A party may amend his pleading once as a matter of course at any time before a responsive pleading is served or, if the pleading is one to which no responsive pleading is permitted and the action has not been placed upon the trial calendar, he may so amend it at any time within 20 days after it is served. Otherwise a party may amend his pleading only by leave of court or by written consent of the adverse party; and leave shall be freely given when justice so requires. * * * [Emphasis added.]

Rule 13(e) reads:

When a pleader fails to set up a counterclaim through oversight, inadvertence, or excusable neglect, or when justice requires, he may by leave of court set up the counterclaim by amendment. [Emphasis added.]

If ever there was a case where justice would require an amendment, this case seems to be one. Where an insurance company undertakes the defense of its insured, the evidence is usually marshalled and the investigation made by an "adjuster" and not by the lawyer. The principal concern of the insurer is to see that the insured is not held for damages, for if it is, then the company will have to pay.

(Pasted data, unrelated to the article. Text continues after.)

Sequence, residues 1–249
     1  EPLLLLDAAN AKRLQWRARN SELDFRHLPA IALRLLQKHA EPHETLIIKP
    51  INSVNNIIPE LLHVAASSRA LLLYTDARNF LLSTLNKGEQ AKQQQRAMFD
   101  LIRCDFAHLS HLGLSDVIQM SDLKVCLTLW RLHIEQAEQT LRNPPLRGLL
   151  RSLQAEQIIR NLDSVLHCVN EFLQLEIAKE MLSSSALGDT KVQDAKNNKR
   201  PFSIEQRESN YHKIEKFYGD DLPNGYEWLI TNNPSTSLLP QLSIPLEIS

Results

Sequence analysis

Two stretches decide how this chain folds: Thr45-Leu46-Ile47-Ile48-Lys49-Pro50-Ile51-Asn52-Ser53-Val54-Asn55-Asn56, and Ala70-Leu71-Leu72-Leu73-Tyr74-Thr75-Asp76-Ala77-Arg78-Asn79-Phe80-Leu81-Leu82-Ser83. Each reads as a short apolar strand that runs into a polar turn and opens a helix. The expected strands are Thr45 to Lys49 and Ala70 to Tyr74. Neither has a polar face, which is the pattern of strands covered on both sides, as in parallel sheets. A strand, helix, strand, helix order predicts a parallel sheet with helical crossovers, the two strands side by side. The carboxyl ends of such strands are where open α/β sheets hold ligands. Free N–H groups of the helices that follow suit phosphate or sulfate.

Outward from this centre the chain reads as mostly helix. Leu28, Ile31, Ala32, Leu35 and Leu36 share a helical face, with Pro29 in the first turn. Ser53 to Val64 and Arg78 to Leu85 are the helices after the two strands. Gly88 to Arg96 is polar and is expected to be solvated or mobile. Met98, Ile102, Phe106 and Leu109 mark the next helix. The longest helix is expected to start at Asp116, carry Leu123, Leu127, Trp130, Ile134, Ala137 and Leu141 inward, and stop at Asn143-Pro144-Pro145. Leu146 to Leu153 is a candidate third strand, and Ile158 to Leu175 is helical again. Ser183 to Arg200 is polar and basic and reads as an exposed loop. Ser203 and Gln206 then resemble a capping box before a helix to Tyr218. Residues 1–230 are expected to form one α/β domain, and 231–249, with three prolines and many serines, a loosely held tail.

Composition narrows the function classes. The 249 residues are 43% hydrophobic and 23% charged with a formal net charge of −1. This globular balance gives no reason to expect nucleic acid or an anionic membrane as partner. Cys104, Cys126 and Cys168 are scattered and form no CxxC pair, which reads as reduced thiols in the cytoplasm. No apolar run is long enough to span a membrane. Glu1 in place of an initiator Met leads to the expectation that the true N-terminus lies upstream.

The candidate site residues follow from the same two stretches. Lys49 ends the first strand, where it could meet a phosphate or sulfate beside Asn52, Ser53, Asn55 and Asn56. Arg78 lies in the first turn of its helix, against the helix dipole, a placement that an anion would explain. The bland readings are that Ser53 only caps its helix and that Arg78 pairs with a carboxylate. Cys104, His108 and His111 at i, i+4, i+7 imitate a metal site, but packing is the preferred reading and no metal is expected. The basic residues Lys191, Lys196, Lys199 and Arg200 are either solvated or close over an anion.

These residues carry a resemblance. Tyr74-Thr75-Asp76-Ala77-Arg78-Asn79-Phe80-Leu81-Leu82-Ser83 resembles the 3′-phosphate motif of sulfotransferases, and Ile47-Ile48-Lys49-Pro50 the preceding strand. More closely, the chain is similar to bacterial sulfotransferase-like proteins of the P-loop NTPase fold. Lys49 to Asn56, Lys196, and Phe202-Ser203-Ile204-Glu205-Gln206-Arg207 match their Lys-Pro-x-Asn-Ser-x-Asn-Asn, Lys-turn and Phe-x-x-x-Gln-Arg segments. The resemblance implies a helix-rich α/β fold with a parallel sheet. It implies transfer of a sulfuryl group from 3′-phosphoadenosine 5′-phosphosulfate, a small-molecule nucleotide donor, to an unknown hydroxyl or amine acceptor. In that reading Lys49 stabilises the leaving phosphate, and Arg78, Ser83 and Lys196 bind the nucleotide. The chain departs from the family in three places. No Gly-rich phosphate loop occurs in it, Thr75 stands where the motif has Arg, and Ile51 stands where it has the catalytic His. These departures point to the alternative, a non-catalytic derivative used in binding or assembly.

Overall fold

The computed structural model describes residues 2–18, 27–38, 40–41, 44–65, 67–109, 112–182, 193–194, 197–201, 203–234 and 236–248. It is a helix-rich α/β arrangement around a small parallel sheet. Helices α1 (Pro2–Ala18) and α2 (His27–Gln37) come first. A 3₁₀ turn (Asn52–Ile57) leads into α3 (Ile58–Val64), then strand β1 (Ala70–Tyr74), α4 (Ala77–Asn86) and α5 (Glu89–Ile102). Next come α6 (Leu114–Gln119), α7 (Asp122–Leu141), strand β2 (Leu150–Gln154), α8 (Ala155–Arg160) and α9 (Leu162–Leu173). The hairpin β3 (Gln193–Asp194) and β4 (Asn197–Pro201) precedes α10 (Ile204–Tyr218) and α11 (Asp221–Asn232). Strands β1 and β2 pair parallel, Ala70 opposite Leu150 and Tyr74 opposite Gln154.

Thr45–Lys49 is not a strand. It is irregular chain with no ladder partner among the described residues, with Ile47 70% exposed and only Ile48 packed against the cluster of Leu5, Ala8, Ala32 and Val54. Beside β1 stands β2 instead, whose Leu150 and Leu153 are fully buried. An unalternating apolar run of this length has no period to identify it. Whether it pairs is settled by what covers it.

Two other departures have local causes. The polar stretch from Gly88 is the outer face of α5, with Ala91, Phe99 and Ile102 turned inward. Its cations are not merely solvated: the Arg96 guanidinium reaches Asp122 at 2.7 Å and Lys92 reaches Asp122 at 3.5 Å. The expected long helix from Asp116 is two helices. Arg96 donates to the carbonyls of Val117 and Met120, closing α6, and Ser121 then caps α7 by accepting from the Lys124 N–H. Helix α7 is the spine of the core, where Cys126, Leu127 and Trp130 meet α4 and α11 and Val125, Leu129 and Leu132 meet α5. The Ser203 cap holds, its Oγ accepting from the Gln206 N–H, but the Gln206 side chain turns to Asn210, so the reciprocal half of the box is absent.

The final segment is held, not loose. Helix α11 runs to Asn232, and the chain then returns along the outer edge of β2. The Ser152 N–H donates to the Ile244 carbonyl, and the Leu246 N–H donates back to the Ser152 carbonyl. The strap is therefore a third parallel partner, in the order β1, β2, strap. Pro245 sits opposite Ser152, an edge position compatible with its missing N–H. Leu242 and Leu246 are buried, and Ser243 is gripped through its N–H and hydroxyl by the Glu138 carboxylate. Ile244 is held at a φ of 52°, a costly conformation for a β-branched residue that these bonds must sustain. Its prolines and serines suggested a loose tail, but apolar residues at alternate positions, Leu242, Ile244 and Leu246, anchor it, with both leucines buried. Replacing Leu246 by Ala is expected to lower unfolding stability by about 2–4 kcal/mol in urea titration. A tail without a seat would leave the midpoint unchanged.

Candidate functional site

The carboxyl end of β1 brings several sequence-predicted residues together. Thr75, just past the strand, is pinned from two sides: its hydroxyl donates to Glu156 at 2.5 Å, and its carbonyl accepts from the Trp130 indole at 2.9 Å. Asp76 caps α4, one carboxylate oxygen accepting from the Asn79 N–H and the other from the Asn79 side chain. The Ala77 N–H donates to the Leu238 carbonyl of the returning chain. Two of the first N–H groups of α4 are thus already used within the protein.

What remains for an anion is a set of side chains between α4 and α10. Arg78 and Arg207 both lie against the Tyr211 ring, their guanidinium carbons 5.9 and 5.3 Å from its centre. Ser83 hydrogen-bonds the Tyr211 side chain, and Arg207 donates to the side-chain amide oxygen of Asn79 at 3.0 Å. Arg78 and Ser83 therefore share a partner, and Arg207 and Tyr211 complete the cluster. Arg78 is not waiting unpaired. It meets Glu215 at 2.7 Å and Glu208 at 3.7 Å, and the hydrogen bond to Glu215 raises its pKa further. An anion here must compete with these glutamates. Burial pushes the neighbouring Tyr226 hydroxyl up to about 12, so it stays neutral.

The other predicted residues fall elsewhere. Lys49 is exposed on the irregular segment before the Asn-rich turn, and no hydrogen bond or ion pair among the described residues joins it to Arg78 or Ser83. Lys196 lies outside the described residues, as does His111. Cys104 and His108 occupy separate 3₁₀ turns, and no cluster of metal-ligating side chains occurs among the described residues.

In actual practice where a counterclaim is filed by an insured defendant, it is usually done by other counsel retained by the defendant personally and not by the insurance lawyer.

In this case the refusal to permit the amendment would forever bar the defendant from having her claim decided in court. Certainly the failure to assert the claim earlier was no fault of hers, and it is the system and not the individual lawyer employed by the insurer which is at fault, if any fault there be in this case.

Ordinarily the allowance of an amendment by leave of court is a matter which lies within the sound discretion of the trial court. This discretion, however, is to be exercised in the furtherance of justice and must not be exercised so as to defeat justice. The rule in this state has always been to allow amendments freely where justice requires, and especially is this true before trial.[3]

The case of Hancock v. Luke[4] gives light on the question here before us. There, no objections were made to the pleadings until the case was called for trial, when the plaintiff moved for judgment on the pleadings. The defendant's motion to amend was denied. In reversing that ruling this court said: